Letter from the editor

Dear reader,

When we first decided on the theme for this issue, we had no idea how relevant it would become to our own personal lives. At the end of August, we decided to move from the tiny one-room cabin that we’ve called home for the past two years, our first ever, very humble Catskills abode. Though we have unending fondness for our time here, it’s getting increasingly difficult to maintain any semblance of sanity in one big room, without doors, with two people who work primarily from home (and two very needy pets). It’s time to move on to bigger pastures, which for us means trading in our mountain meadow view and our visiting deer friends for a fenced-in backyard, a separate bedroom, and laundry. For now.

But the concept of “home” extends far past your physical location, which is something we’ve discovered over and over while developing the contents of this issue. Home can be an emotion, or a sensation, or a culture, or a person (sorry for getting that Edward Sharpe and the Magnetic Zeros song stuck in your head). It’s anything that makes you say, yes, this is where I belong, and once you find it, it sticks with you forever. There’s a reason that Irish emigrants still sing several different odes to Ireland, even years after they’ve left the homeland.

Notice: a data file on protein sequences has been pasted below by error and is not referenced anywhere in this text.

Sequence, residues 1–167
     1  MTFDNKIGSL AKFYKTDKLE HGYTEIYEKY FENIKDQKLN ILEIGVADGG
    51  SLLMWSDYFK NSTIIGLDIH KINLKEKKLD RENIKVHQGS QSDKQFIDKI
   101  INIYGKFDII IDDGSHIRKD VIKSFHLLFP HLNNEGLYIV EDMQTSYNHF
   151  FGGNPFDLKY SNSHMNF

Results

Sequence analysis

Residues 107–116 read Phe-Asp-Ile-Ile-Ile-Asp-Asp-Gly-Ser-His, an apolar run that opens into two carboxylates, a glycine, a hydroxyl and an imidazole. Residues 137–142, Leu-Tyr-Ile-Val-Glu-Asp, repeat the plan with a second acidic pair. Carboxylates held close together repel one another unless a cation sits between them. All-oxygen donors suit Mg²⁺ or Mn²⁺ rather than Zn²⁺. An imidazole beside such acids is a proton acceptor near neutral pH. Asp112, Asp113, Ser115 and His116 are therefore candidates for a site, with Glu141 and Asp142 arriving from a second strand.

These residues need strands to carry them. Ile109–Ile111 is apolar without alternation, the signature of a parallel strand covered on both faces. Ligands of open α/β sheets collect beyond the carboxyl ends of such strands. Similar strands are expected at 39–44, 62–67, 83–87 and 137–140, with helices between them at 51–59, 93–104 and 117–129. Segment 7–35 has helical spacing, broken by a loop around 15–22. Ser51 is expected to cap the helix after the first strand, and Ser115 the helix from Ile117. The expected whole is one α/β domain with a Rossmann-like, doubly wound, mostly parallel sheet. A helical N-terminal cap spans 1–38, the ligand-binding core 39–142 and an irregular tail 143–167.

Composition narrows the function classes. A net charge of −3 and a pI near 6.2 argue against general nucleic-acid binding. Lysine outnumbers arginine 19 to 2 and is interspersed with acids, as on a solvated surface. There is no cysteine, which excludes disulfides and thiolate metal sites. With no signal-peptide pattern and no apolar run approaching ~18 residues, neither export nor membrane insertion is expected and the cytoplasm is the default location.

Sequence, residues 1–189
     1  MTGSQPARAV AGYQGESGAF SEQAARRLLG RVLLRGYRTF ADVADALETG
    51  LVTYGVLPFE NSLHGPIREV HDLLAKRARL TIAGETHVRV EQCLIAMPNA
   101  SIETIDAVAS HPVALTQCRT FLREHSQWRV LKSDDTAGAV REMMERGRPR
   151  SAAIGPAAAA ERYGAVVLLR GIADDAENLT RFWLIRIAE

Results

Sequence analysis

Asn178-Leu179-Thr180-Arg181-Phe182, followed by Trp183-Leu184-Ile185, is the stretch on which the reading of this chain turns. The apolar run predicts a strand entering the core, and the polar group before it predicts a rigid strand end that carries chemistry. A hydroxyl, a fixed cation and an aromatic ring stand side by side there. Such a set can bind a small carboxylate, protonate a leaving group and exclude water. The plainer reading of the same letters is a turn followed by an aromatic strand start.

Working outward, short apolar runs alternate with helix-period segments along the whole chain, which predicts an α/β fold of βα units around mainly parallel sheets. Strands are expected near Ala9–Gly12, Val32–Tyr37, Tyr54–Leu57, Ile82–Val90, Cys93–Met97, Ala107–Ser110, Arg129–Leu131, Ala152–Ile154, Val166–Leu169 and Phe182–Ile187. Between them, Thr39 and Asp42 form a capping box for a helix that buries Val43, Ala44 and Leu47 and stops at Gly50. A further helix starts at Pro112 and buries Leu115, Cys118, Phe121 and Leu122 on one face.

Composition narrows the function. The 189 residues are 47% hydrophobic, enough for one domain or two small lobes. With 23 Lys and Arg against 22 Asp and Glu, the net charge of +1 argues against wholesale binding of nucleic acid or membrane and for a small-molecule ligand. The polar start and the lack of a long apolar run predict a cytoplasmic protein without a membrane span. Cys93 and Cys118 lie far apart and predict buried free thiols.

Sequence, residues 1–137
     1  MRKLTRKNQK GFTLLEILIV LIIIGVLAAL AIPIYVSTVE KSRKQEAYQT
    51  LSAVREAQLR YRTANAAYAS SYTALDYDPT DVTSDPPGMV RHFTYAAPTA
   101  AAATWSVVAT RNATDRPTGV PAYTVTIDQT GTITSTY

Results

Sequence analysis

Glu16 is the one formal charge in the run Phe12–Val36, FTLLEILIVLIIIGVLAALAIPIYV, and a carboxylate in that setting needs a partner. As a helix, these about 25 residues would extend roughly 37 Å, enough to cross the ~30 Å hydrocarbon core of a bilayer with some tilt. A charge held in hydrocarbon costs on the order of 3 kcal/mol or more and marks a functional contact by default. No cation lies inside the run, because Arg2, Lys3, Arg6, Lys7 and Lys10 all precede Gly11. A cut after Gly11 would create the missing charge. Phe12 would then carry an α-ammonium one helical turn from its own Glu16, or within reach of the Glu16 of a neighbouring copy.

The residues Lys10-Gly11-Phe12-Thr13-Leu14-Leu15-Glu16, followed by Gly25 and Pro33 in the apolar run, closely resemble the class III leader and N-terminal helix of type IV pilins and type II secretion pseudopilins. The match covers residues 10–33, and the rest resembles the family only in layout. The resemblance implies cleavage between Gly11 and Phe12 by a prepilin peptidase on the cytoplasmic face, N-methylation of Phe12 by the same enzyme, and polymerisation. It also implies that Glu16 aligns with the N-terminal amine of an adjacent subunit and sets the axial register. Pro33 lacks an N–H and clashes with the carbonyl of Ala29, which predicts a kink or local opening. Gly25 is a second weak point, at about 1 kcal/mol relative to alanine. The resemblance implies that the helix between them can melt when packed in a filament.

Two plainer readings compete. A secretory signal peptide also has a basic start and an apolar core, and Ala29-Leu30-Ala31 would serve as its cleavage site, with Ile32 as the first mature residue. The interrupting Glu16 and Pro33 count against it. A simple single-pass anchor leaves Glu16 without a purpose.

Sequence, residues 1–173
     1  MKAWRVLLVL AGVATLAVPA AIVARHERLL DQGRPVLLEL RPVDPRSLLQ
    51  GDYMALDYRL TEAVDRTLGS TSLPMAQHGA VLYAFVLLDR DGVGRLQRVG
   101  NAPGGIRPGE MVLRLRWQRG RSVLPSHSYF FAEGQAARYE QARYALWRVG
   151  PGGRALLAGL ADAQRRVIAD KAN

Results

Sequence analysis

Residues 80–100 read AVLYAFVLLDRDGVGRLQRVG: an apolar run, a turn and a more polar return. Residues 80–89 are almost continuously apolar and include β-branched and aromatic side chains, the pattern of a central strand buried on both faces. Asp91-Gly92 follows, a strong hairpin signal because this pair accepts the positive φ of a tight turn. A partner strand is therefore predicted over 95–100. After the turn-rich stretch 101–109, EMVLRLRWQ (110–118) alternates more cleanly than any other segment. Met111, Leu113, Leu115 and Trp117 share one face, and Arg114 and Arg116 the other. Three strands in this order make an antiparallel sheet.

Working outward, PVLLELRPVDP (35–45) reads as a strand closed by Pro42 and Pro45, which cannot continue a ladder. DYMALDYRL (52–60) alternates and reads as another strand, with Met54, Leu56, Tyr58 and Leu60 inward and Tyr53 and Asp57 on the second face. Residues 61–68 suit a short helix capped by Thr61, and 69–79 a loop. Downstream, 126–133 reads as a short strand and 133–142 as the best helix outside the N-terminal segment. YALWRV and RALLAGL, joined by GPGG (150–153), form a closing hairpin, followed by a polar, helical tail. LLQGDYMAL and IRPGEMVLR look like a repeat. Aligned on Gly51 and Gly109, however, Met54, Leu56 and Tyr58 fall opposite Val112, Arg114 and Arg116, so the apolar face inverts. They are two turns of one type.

The Catskills are the first place I’ve really felt at home, much more than Long Island, where I grew up (too many fancy cars!), Boston, where I went to college (too many sports!), or New York City, where I lived post-grad (no one dances at shows!). So despite our relocation to less “Catskillian” headquarters, the mountains remain our home, much like they do for many of the artists featured in this issue.

And, like many others, we always aim to come back home. So keep your eyes peeled for a cabin in the Catskills—we’re in the market! We’d just prefer it have two rooms.

To home (and happy fall!),